Does crocosmia really spread aggressively?

jayco(5b NY)May 17, 2011

I love the bright flowers of crocosmia, and have admired it in other gardens. Does it spread like the dickens in cooler climes, or just in warmer ones? I am sick of beating back all the thugs I've already got, and don't want another! The cultivars I prefer are the red ones -- for example Lucifer or Emberglow.

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arbo_retum(z5 ,WinchstrMA)

jayco, brent and becky's has them for 50% off in their sale(see other thread). i ordered both Luc. and Embglow today so will be interested to read responses here.

    Bookmark   May 18, 2011 at 12:47AM
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flora2b(z6a bc)

I've had Lucifer crocosmia for many years and sometimes it comes back in the spring and other times only some comes back. So for your zone which is colder than mine aggressiveness is not likely a problem.
It doesn't like to be real wet in the winter so soil that drains well is imperative.
Haven't tried emberglow so can't comment on that one but Lucifer can be a showstopper.


    Bookmark   May 18, 2011 at 2:06AM
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mad_gallica(zone 5 - eastern New York)

I've had Lucifer for about 15 years, and I do have more now than what I was given. Not all that much more, but more. It has been through some very cold winters, and always managed to come back.

    Bookmark   May 18, 2011 at 6:49AM
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flora_uk(SW UK 8/9)

I think the one which really spreads is the common orange C. x crocosmiiflora aka Montbretia which is very hard to get rid of in certain climates due to the multiple corms it produces. The picture is not mine but I have an almost identical one I took at the same place. It shows how Montbretia has spread into the wild from gardeners tipping rubbish in the countryside.

Here is a link that might be useful: Montbretia

    Bookmark   May 18, 2011 at 8:15AM
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I'm beginning to find it much more vigorous than I had reckoned. I have an orange one, unnamed, which is vigorous to weedy. It seems to need division often to keep it in bloom. It survives in an abandoned field bed, where it competes quite happily with twitch grass and other weeds.
But C. 'Lucifer', which grew in a nice clump in my centre garden has decided to really spread this year. I am going to have to cut it back severely; it is growing through other perennials nearby. It had behaved well for at least 10 years in the garden and is still very beautiful. But I have a feeling that if I abandoned these gardens, and returned to see what survived in 10 years time, C. 'Lucifer' would have eaten up all available territory.
I originally planted one corm - they were quite expensive then- and it has spread to a clump at least three feet in diameter, with many new shoots emerging a foot or two away.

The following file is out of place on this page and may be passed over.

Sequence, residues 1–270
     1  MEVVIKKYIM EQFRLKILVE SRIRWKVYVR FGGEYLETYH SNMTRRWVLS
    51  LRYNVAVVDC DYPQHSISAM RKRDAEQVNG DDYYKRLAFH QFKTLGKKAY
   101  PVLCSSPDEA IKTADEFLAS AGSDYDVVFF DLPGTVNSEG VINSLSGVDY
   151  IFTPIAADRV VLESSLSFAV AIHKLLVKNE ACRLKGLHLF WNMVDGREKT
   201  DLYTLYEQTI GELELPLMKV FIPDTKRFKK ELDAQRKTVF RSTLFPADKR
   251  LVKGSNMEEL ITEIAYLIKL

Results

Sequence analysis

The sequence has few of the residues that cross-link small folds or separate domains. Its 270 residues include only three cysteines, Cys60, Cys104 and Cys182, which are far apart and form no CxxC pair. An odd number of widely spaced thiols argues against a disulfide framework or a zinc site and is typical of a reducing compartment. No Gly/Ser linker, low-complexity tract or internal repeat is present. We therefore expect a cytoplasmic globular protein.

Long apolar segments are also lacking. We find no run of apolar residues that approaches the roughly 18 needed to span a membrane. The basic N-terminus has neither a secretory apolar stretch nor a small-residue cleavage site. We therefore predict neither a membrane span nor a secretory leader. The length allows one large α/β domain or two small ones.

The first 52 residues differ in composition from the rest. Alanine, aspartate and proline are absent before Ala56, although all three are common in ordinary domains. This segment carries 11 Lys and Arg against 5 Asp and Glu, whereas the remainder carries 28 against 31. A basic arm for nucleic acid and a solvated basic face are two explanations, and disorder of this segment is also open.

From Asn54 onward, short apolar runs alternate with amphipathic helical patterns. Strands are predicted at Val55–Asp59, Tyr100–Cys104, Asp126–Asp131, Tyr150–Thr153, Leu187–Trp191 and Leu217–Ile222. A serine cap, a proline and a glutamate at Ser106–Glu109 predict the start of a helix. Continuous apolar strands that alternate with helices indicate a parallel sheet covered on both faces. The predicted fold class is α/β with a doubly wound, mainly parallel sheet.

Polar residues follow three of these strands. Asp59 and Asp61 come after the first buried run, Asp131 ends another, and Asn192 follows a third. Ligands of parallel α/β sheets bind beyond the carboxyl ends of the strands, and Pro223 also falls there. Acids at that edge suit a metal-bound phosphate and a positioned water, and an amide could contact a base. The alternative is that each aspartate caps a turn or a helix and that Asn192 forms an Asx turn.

Our winters are very cold, but snow cover is consistent from November ot March.

    Bookmark   May 18, 2011 at 9:05AM
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MaeT(z5 NL, Canada)

I have had mine for quite a few years and moved it three times. I moved it from my garden bed to plant it near the edge of my pond. It was starting to spread so I dug it up, divided it and put some in a pot and buried the pot last year. The rest I threw in the garbage. We will see how it does this year. At least in the pot if it gets too big it will be a lot easier to dig up and divide.

    Bookmark   May 18, 2011 at 10:49AM
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MaeT(z5 NL, Canada)

The Crocosmia I have is Lucifer.

    Bookmark   May 18, 2011 at 10:53AM
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shpnquen(z5, IN)

I just planted the Lucifer variety last year & only 2 stems bloomed. I've noticed that it has multiplied 3-fold, but I'm anxious to see how well it does & looks. I put it in a trouble spot where I seem to have difficulty keeping all other plants alive in over the first winter.

    Bookmark   May 18, 2011 at 6:16PM
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jayco(5b NY)

Thanks, everyone!

    Bookmark   May 18, 2011 at 6:20PM
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Except for flora, no one from a mild climate responded. I had it in a front garden in a rental on the Monterey bay in California. As a last resort I removed all the bedding plants and set up a screen with 1/2 inch hardware cloth and with a shovel ran all the soil through it. I still did not get all the small bulblets, but most of them. By watching very closely in the next two years I was finely through with them. If you want to know if they are aggressive, the answer is yes. Al

    Bookmark   May 18, 2011 at 11:22PM
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Lucifer is also aggressive in Zone 7 in Denmark. But this winter only 1 clump survived(flood)

    Bookmark   July 31, 2011 at 6:51PM
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